The necessary call-and-response nature of the internet means I need to somehow draft an introduction pretending you haven't already seen this video of an Irish dad using a GoPro, even though we both know you've already seen this video of an Irish dad using a GoPro, because everyone has seen this video of an Irish dad using a GoPro.
The reason this video is funny is because the Irish dad is using the GoPro back-to-front. I have to tell you that in case you have not seen the video and need a little sizzle to get you hungry for the steak. But as discussed: You have seen this video of an Irish dad using a GoPro. We are all consuming the same culture, every second of every day. The echo chamber amplifies every joke into a scream. But here I am just embedding it anyway:
That was fun, wasn't it, how you didn't click on that video because you've already seen it? That was fun. And so let's consider this video of an Irish dad using a GoPro, which everyone has seen: This video of an Irish dad using a GoPro is—and I don't think this is hyperbole—the most dad thing to ever happen on the internet.
Dads. Dads doing dad things. Dads turning all the lights off in the house while screaming. Dads slowly leafing through a big catalogue of screwdrivers. Dads sobbing in a shed. Dads taking a 45-minute Christmas Day shit. Dads meaning to put a shelf up but not actually putting a shelf up. Dads speaking just a little bit too loudly into a mobile phone because they don't quite understand the technology. Dads cracking dad jokes to the waiter in a restaurant. Dads really fancying Myleene Klass. Dads not understanding these eyebrows these girls have these days. Dads ordering a curry that's slightly too hot for them but turning away all offers of a glass of milk. Dads only truly having an emotional attachment to the dog. And Dads somehow spending an entire holiday in Vegas pointing a GoPro camera at their own face. Dads inadvertently foretelling the future of the internet.
Because consider the moment when the Irish dad does a Forrest Gump impression for nobody and think: Is he really that different from an under-watched beauty blogger in Nottingham perkily telling an audience of six about her social anxiety?
Watch Irish dad repeatedly videoing himself going up a series of Vegas escalators—Vegas escalators so unpicturesque that, even if the camera was facing the right way, the footage would be incredibly boring—and think: is this really that much different from watching someone slowly explain their shopping haul?
And watch Irish dad look in the completely wrong direction to the Grand Canyon while hanging out of a high window and think: is he really that dissimilar, really, to that awful Sam Pepper, with his social experiments and his help-the-homeless viral platitudes, that awful Sam Pepper, that terrible man? No. No he is not.
Vlogging is just talking quickly and with an annoying inflection. That's all vlogging is. And as our bodies age and die, and the vlogging generation grows up, this is what YouTube will turn into: that, but older and less technologically apt. Irish dad cluelessly commentating a dull walk around Vegas actually makes him a trailblazing vlogging auteur. Zip forward into the future: Zoella doing an 18-minute review of homeopathic HRT alternatives, Alfie Deyes doing his thousand-yard stare while slowly telling a dying audience about his favorite Christmas present, a spade. Tyler Oakley documenting an irregular ear check-up. ASMR videos complaining about how often they have to go to the bathroom these days. Beauty vloggers getting really excited about hand cream.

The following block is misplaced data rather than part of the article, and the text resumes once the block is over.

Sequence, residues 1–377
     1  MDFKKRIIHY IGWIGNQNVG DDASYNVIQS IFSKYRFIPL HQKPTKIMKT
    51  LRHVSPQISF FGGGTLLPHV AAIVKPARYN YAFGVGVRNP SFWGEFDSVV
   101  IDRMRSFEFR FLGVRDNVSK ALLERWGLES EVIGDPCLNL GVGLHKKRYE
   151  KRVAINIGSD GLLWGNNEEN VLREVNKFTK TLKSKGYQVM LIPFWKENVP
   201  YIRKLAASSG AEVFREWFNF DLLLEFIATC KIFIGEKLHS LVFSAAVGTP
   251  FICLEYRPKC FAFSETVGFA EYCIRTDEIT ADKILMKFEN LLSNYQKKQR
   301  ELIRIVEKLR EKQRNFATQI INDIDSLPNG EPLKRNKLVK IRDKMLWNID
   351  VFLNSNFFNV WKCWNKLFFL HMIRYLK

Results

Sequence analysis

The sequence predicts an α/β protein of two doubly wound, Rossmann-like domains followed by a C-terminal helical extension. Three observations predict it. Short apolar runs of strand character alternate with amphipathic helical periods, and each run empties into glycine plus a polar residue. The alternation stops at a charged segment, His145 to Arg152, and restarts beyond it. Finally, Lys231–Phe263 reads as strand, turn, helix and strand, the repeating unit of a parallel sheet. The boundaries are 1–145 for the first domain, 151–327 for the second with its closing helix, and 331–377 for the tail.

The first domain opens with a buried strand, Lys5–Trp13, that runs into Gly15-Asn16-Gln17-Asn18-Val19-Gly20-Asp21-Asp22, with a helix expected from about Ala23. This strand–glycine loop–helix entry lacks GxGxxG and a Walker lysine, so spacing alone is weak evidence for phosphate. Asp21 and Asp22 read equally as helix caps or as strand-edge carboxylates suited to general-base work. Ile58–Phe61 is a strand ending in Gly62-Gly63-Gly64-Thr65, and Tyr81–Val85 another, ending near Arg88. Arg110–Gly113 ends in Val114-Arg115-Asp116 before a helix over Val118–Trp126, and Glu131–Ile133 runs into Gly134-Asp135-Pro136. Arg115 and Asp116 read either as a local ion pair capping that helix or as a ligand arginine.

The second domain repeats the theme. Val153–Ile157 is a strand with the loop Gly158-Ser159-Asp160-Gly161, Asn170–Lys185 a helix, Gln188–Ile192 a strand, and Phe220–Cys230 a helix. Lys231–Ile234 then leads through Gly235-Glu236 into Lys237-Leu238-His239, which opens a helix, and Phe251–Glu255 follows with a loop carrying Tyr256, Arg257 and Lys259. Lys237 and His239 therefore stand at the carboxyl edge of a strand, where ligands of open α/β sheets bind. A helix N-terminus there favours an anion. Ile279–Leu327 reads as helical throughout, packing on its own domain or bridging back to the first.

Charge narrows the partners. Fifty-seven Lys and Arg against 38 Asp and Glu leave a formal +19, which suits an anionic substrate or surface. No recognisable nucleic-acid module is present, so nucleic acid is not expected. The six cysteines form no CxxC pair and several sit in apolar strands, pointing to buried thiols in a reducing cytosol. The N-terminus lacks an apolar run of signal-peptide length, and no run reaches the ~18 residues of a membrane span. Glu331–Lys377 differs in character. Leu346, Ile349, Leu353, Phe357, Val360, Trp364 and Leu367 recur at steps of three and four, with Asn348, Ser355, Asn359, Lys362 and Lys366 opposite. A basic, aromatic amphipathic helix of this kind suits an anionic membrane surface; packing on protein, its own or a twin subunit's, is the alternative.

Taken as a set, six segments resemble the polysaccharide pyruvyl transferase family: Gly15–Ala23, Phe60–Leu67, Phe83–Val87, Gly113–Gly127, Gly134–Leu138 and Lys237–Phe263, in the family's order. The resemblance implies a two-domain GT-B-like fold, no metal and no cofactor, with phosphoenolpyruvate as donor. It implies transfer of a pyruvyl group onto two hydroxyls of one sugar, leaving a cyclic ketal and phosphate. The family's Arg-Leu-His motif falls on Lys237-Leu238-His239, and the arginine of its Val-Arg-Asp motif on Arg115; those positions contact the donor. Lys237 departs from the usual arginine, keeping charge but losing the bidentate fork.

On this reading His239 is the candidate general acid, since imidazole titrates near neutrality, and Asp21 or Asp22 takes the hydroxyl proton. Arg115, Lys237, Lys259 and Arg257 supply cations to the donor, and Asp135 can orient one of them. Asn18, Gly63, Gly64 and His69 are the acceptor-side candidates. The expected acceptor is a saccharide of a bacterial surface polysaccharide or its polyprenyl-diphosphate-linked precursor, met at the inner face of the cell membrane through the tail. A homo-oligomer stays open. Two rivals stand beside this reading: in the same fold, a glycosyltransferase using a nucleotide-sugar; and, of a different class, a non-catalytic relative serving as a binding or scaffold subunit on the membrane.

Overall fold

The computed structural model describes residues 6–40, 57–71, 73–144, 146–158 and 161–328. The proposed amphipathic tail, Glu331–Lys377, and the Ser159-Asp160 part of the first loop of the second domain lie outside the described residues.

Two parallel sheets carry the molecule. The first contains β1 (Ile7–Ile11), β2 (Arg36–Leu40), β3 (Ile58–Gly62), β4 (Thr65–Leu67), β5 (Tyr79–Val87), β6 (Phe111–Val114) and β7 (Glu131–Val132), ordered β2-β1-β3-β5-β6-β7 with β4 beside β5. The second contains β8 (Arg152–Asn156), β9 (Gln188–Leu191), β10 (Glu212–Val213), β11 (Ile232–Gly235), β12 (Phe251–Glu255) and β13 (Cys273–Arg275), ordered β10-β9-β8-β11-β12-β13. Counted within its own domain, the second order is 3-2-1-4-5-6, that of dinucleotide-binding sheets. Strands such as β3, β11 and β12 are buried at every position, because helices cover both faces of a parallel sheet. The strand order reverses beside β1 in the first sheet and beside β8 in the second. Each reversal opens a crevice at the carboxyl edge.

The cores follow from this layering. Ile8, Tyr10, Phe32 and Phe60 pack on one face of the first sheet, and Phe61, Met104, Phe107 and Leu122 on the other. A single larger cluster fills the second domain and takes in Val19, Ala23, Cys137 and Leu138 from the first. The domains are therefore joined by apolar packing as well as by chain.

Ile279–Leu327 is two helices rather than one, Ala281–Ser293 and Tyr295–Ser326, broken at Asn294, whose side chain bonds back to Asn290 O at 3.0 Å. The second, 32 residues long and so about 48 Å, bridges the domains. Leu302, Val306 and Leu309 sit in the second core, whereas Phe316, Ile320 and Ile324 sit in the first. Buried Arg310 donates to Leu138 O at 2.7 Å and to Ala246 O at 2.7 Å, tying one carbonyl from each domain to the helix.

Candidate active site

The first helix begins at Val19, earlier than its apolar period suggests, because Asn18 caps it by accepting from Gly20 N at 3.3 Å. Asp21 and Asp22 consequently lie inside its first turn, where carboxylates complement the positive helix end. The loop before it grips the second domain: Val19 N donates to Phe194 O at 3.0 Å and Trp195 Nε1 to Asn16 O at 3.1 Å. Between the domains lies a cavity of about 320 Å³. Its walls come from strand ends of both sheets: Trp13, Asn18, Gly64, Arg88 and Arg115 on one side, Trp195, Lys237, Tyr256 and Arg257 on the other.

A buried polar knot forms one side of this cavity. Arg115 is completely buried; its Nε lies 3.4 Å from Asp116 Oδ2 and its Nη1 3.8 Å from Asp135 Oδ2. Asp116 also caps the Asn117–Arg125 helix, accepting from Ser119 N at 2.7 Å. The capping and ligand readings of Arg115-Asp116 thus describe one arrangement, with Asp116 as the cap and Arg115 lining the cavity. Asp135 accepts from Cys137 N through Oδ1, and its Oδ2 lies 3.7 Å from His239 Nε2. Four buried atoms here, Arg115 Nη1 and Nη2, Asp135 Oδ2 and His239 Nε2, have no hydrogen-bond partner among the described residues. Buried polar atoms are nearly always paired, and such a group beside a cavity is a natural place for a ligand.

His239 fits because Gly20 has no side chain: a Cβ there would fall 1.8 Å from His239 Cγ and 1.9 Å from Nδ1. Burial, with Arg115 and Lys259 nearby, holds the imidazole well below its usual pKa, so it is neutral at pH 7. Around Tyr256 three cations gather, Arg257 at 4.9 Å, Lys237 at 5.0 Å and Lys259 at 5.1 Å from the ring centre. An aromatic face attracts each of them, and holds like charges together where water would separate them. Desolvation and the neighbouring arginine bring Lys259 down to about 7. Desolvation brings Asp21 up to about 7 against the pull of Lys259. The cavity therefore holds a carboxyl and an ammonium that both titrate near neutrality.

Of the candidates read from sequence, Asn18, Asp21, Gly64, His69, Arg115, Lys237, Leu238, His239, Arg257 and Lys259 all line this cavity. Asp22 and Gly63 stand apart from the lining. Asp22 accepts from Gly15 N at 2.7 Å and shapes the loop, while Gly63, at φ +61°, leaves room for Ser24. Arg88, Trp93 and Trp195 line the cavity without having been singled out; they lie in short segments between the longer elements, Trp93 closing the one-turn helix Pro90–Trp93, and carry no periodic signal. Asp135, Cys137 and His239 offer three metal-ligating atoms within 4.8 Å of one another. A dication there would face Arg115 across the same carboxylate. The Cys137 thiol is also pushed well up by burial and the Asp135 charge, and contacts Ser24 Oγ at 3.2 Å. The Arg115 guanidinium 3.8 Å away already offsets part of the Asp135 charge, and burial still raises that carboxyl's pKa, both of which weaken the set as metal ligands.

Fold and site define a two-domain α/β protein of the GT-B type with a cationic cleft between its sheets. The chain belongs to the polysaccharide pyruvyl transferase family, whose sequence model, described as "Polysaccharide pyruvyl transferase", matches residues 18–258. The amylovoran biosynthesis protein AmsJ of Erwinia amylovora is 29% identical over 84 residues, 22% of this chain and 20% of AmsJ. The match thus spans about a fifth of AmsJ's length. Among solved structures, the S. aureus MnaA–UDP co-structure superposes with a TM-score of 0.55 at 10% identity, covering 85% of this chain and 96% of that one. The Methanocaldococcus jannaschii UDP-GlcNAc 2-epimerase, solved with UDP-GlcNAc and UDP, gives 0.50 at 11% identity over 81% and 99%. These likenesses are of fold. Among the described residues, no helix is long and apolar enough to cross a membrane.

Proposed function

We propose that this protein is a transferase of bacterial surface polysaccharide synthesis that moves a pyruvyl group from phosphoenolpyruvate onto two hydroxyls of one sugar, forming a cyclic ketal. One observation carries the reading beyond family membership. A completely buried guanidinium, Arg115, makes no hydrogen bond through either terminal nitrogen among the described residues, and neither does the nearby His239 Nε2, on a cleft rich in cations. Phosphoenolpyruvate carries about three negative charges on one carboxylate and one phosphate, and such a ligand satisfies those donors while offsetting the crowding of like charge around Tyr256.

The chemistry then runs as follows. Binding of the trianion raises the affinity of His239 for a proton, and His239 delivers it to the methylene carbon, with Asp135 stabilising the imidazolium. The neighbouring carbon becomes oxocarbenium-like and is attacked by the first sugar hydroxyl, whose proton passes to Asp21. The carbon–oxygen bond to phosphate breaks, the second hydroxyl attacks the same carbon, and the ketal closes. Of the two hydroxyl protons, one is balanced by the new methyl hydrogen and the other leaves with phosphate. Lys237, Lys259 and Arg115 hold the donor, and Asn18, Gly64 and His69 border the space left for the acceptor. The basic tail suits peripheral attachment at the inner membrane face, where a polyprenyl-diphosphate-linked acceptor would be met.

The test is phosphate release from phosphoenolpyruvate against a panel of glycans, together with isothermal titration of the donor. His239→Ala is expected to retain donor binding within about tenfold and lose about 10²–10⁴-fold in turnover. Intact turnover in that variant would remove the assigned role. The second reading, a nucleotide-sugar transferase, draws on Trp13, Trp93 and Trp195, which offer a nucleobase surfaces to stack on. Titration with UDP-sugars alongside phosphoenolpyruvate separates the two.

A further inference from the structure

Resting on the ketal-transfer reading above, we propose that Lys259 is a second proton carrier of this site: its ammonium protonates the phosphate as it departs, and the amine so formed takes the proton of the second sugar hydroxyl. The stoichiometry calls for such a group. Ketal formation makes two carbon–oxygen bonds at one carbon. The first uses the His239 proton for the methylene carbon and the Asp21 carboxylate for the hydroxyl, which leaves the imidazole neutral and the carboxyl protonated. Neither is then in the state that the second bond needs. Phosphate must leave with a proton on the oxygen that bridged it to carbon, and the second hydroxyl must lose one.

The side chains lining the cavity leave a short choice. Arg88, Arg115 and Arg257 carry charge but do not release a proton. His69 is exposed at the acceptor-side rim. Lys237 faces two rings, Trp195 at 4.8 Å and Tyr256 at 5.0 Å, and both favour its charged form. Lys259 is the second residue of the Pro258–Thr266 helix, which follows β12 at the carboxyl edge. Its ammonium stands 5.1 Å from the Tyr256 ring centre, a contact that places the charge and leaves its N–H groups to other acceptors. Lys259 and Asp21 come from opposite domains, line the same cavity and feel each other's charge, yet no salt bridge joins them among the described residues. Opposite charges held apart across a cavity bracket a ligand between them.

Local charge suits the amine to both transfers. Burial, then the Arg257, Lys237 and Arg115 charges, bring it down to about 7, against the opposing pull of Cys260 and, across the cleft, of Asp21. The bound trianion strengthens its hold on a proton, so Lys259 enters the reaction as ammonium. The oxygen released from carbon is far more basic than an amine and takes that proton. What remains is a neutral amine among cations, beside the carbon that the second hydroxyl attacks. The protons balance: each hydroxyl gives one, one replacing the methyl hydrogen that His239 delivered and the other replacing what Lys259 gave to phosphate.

The internet when we were young was MySpace friend shuffling and Livejournal emotional indulgence, and then the last whisps of puberty hit and we all got smartphones and opinions about the news, and that's when Twitter and longreads got big. The internet is aging with us and we are aging with the internet.
Look at Facebook now: It was fun when you first started, wasn't it? And now it's just people your age having babies and buying houses. Can you hear it, on the wind? Every cell in your body is dying and you are racing inexorably towards the grave. We age and we change: we stretch and we shrink. I used to laugh at my parents when they didn't know how to program the VHS player, and now I brick my iPhone every time I update the iOS. Irish GoPro dad is me in 15 years, in 20 years. Irish GoPro dad lives inside my body and is waiting to one day burst out.
Catch your boy in the year 2032, wearing a Sports Direct T-shirt and using his son's GoPro to ruin a family holiday. Catch your boy in two decades shouting "YOU TREAT THIS HOUSE LIKE A HOTEL" furiously up some stairs. Catch your boy in less then 20 years dying of a heart attack while watching PewDiePie host Top Gear. My final Facebook update is me obliviously trying to sell a cupboard on Gumtree, one Sodalicious chain away from a new Candy Crush hi-score. Irish GoPro dad is me one day, and you. Irish GoPro dad is what we are all doomed to become.
Anyway: funny vid!
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